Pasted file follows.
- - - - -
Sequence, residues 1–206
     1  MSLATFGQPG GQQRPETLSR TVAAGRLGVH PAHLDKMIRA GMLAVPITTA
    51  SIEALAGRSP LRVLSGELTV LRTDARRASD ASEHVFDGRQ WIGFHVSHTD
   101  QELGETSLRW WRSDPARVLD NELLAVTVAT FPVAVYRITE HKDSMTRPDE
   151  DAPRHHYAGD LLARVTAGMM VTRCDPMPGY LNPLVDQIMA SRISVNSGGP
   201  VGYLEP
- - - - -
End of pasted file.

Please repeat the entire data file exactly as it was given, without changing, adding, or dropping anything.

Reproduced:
Sequence, residues 1–206
     1  MSLATFGQPG GQQRPETLSR TVAAGRLGVH PAHLDKMIRA GMLAVPITTA
    51  SIEALAGRSP LRVLSGELTV LRTDARRASD ASEHVFDGRQ WIGFHVSHTD
   101  QELGETSLRW WRSDPARVLD NELLAVTVAT FPVAVYRITE HKDSMTRPDE
   151  DAPRHHYAGD LLARVTAGMM VTRCDPMPGY LNPLVDQIMA SRISVNSGGP
   201  VGYLEP